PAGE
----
Local residents opposed the construction of churches, mosques, and other places of worship in Nizhny Novgorod, Ulyanovsk, Stupino, Irkutsk.  For example, in St. Petersburg, local residents opposed the construction of the Exaltation of the Cross Church on Krestovsky Island.  According to the SOVA Center, those opposed often complained about the choice of construction sites and the absence of public hearings.  In addition, the center stated public protests against the construction of mosques “often raise xenophobic arguments.”  In Stupino, for example, after buildings formerly used by the military were transferred to the Muslim community for the creation of an Islamic center; opponents distributed leaflets claiming the center could have a negative impact on interethnic conflicts and could lead to the introduction of “sharia norms.”  Some members of the city council supported opponents of the construction.  In Kazan, townspeople opposed the site chosen for construction of a mosque; debate was continuing at year’s end.

Section IV. U.S. Government Policy and Engagement

The U.S. Ambassador, embassy representatives, and Department of State officials in Washington, D.C. advocated greater religious freedom in the country, highlighting the government’s misuse of the laws on extremism and terrorism to restrict the peaceful activities of religious minorities.

In August, the government prohibited the embassy from retaining, hiring, or contracting Russian or third-country staff, with the exception of security guards.  As a result, 182 local employees ceased to be employed at U.S. diplomatic facilities in Moscow, Vladivostok, and Yekaterinburg.  In addition, the government continued to limit the number of U.S. diplomats in the country.  These constraints, combined with authorities’ efforts to intimidate civil society, minority religious groups, and all voices of dissent, limited embassy outreach efforts to religious and civil society groups.  Department of State officials continued to monitor the situation of U.S. citizens working with religious institutions and organizations in the country to ensure authorities did not improperly target them for their faith or religious work.

On February 12, embassy social media highlighted the Department of State’s condemnation of Russia’s continued crackdown on Jehovah’s Witnesses and other peaceful religious minorities.

In a February 25 press statement, the Department of State criticized the sentencing of Jehovah’s Witnesses Valentina Baranovskaya and her son Roman Baranovsky to two and six years, respectively, in a penal colony, based solely on the Russian government’s designation of the group as extremist.  The embassy posted the statement on social media.

On May 13, the embassy posted on social media a statement of U.S. support for the rights of all people – in Russia and around the world – to exercise their right to freedom of religion or belief.  The embassy also posted the Secretary of State’s statement on the release of the 2020 International Religious Freedom report.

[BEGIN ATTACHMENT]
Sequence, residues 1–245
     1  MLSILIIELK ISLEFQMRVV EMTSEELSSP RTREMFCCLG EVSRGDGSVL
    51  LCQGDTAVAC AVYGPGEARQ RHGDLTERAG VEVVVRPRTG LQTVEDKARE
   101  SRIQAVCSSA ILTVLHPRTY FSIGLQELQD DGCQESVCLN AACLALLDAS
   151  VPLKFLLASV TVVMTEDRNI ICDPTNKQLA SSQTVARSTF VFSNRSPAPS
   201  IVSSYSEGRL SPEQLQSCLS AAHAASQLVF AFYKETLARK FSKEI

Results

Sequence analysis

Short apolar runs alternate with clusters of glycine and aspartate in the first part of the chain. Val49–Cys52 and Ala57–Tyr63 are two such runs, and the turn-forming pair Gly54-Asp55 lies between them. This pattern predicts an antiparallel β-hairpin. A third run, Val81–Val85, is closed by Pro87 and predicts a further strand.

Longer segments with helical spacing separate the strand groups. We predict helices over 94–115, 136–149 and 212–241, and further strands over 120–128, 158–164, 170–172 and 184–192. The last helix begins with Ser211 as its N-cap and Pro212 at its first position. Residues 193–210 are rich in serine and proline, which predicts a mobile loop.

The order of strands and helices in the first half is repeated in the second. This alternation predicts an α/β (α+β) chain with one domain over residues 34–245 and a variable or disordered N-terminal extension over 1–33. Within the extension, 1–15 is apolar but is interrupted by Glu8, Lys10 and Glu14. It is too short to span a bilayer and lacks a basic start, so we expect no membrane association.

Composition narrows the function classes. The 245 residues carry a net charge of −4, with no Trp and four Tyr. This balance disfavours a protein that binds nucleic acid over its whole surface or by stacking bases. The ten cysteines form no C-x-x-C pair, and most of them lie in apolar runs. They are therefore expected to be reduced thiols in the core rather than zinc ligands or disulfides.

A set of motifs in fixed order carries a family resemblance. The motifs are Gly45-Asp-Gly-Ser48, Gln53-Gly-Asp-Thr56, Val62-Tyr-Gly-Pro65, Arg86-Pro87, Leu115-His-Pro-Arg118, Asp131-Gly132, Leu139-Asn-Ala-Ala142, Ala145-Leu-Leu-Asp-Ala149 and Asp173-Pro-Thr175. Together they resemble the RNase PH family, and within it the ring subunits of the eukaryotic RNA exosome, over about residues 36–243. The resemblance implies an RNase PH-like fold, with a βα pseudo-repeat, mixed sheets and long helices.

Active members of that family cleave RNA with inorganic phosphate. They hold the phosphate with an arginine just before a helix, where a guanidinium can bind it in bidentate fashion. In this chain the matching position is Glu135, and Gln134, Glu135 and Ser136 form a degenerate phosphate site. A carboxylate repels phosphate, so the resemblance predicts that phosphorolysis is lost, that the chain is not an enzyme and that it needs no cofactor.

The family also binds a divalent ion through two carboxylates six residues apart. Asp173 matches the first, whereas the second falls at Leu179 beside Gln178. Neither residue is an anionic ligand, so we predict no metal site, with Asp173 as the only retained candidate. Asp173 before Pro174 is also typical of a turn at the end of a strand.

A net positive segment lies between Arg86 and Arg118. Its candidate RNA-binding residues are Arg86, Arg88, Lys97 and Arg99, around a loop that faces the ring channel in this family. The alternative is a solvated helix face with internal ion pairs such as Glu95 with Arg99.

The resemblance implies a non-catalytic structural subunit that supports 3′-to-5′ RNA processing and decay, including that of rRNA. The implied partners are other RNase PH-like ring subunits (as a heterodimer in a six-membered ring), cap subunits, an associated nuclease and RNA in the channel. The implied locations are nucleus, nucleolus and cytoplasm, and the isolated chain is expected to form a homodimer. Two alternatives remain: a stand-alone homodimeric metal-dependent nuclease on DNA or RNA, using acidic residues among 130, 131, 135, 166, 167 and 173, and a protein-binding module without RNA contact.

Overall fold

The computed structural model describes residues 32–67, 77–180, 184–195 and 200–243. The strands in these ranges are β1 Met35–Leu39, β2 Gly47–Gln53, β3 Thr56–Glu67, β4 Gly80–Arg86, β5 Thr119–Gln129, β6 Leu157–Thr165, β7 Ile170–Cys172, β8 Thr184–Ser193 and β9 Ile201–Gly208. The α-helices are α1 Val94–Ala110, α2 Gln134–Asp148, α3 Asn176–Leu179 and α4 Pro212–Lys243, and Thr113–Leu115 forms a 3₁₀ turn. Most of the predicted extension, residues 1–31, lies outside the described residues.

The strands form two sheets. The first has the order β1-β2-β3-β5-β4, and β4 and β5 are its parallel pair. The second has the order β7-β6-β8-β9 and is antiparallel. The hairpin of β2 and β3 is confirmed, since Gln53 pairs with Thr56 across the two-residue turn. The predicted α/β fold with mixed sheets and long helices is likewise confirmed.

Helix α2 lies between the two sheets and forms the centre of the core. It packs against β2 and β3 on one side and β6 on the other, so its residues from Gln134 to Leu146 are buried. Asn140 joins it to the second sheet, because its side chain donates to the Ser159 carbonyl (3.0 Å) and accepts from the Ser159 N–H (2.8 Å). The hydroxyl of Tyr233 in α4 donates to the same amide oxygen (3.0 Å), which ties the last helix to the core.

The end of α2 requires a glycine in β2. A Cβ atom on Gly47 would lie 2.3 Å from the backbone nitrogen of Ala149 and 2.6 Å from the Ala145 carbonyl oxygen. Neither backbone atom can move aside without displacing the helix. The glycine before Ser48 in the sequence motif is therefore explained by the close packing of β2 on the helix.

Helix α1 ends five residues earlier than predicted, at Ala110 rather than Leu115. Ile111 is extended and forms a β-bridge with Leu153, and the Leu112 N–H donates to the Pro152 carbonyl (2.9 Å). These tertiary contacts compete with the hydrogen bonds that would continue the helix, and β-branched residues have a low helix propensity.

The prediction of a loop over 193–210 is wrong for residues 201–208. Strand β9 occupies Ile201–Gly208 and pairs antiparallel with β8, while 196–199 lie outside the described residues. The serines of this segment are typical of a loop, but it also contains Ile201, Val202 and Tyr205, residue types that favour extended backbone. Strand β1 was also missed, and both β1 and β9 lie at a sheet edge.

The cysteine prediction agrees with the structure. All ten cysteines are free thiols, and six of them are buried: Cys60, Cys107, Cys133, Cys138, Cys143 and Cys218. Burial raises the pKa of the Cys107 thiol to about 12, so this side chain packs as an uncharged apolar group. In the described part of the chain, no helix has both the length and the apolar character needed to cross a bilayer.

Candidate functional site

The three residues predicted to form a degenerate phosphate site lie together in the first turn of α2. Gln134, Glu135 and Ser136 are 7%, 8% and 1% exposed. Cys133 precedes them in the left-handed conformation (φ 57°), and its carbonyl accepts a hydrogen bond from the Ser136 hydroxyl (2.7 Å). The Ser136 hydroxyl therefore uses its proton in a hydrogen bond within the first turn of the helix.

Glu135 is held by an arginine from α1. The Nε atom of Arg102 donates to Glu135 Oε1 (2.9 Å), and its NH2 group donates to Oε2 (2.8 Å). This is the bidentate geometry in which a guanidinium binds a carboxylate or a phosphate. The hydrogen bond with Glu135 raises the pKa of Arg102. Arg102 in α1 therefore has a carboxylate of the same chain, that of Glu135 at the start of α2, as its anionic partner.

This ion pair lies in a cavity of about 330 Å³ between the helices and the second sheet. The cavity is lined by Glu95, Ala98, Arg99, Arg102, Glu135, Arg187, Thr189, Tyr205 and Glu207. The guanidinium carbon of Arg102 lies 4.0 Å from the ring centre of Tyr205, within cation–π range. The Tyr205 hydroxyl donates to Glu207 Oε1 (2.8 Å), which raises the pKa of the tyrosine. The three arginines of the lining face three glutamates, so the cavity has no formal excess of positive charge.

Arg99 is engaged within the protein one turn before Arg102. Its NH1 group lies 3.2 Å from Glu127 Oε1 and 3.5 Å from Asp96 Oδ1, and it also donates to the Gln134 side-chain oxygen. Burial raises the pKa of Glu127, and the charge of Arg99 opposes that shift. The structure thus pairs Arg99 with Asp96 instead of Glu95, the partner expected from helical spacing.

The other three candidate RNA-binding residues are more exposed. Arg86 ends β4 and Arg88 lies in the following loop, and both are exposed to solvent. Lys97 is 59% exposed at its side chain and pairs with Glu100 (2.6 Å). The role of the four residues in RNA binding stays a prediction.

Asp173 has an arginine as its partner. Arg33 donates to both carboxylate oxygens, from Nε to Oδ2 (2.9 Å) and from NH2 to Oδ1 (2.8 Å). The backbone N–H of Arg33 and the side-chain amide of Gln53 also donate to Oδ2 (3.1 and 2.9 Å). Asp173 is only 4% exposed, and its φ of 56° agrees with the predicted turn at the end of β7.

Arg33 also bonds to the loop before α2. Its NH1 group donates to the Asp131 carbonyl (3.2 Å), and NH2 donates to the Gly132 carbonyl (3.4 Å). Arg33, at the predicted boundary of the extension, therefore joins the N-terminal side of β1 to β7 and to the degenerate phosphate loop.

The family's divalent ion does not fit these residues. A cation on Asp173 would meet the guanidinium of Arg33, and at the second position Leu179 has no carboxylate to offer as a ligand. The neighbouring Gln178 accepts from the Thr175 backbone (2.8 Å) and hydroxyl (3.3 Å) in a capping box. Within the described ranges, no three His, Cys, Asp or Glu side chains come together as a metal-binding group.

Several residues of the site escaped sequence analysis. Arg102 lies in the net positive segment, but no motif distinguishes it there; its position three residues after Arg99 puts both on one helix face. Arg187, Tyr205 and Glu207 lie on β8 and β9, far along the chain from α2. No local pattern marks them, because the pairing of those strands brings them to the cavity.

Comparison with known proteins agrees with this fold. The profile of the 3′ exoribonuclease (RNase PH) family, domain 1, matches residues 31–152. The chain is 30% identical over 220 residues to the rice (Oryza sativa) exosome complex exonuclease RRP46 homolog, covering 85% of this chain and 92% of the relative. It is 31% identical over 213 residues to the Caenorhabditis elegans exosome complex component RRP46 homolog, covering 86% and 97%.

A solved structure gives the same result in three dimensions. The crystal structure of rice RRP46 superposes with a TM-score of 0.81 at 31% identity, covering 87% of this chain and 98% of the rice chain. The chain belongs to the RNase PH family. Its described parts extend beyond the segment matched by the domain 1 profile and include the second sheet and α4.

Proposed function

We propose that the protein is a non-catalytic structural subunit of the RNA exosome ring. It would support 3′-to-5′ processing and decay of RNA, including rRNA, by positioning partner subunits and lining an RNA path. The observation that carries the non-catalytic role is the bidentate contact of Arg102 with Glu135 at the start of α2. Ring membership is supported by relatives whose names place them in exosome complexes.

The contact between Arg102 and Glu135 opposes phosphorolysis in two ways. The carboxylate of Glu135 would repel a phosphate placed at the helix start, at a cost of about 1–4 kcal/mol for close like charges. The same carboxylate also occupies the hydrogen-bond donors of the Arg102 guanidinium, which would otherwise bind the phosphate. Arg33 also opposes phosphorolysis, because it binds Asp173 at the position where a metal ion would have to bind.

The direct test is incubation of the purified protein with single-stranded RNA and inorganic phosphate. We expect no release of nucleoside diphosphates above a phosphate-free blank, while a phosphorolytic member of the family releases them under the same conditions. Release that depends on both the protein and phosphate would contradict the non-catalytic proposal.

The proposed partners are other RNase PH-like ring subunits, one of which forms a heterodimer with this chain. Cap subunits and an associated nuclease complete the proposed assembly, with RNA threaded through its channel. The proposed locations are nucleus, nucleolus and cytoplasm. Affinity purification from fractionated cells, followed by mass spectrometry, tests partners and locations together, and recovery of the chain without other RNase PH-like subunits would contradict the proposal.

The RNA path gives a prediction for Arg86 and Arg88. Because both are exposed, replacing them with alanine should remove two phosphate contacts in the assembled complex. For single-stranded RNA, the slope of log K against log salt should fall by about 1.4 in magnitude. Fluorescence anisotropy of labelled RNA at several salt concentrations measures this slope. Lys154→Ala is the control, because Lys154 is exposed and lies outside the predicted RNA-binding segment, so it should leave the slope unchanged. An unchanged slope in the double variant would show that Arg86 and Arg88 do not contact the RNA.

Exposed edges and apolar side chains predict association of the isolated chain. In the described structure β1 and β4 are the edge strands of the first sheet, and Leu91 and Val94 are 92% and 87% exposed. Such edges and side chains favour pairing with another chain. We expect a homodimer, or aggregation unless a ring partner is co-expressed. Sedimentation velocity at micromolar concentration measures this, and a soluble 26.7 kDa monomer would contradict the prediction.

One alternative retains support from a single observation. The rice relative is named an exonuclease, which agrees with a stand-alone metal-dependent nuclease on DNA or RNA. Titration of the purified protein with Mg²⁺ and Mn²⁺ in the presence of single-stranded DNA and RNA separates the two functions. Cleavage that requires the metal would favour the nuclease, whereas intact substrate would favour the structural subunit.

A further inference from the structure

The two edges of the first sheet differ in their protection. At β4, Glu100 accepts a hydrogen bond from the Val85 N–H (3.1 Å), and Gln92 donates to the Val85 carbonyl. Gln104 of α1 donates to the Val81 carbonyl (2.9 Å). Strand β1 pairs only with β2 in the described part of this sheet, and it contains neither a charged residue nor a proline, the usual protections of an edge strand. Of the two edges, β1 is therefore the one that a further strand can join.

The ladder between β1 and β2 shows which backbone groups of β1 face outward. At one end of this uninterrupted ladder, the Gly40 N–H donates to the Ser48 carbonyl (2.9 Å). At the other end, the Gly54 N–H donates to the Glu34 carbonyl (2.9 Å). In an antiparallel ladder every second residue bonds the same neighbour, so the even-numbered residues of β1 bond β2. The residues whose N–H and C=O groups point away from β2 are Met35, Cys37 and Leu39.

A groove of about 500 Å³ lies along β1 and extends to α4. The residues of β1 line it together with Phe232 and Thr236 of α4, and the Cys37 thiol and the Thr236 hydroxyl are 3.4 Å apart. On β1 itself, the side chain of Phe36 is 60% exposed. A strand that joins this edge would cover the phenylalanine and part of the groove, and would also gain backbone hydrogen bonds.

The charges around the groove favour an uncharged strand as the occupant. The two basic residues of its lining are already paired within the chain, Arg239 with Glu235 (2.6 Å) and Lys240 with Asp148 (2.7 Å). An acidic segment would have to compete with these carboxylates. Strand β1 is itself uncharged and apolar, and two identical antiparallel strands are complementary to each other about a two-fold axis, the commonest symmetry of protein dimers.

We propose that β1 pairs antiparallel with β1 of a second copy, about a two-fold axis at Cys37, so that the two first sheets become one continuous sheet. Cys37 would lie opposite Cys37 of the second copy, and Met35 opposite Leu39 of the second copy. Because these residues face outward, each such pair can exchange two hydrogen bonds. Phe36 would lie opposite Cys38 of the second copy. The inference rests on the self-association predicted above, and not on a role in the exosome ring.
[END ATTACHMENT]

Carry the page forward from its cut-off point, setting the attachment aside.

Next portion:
In July, embassy social media highlighted the Department of State’s criticism of the sentencing of two Jehovah’s Witnesses to terms of seven and eight years in prison.

On July 9, a statement by the Department of State expressed concern about the Khakassia regional branch of Falun Gong’s continued “extremist” designation, and Russian authorities’ harassment of Falun Gong practitioners for peaceful activities such as meditation and possessing spiritual texts.  The statement called on the Russian government to stop abusing the “extremist” label to restrict human rights and freedoms.

On September 3, embassy officers met with representatives of several minority religious groups to discuss operating conditions in the country and to promote interfaith dialogue.

On September 15, the Ambassador met with ROC Metropolitan Hilarion to discuss the Church’s role in society, its stance on religious freedom within the country, and the cultural and religious ties between the ROC and the Orthodox Church of America.

On October 15, embassy social media highlighted the Department of State’s condemnation of the beating and torture of Jehovah’s Witnesses in Irkutsk.  An October 28 embassy tweet conveyed deep concern about the sentencing of three Jehovah’s Witnesses to eight years in prison for practicing their faith.

On December 7, the Ambassador attended the St. Catherine’s Day Patronal Liturgy at St. Catherine’s Church in Moscow and delivered public remarks on the importance of religious freedom.

In December, embassy and Department of State representatives held meetings with Jehovah’s Witnesses representatives and Church of Scientology representatives.

The embassy communicated the importance of religious freedom by celebrating major religious holidays of Christians, Jews, and Muslims via its social media platforms.  These messages included video greetings from the Ambassador to mark Easter and the end of Ramadan; posts marking the contributions of various religious groups to American history and culture; and posts highlighting events that underscored tolerance and that commemorated victims of violence motivated by religious hatred.  Additional examples included highlighting Department of State messages on the celebration of Passover, Easter, and Eid al-Fitr on embassy social media platforms.

On November 15, 2021, in accordance with the International Religious Freedom Act of 1998, as amended, the Secretary of State designated Russia a Country of Particular Concern for engaging in and tolerating systematic, ongoing, and egregious violations of religious freedom and identified the following sanction that accompanied the designation:  the existing ongoing sanctions issued for individuals identified pursuant to section 404(a)(2) of the Russia and Moldova Jackson-Vanik Repeal and Sergei Magnitsky Rule of Law Accountability Act of 2012 and section 11 of the Support for the Sovereignty, Integrity, Democracy, and Economic Stability of Ukraine Act of 2014, as amended by Section 228 of the Countering America’s Adversaries Through Sanctions Act, pursuant to section 402(c)(5) of the Act.

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The Lessons of 1989: Freedom and Our Future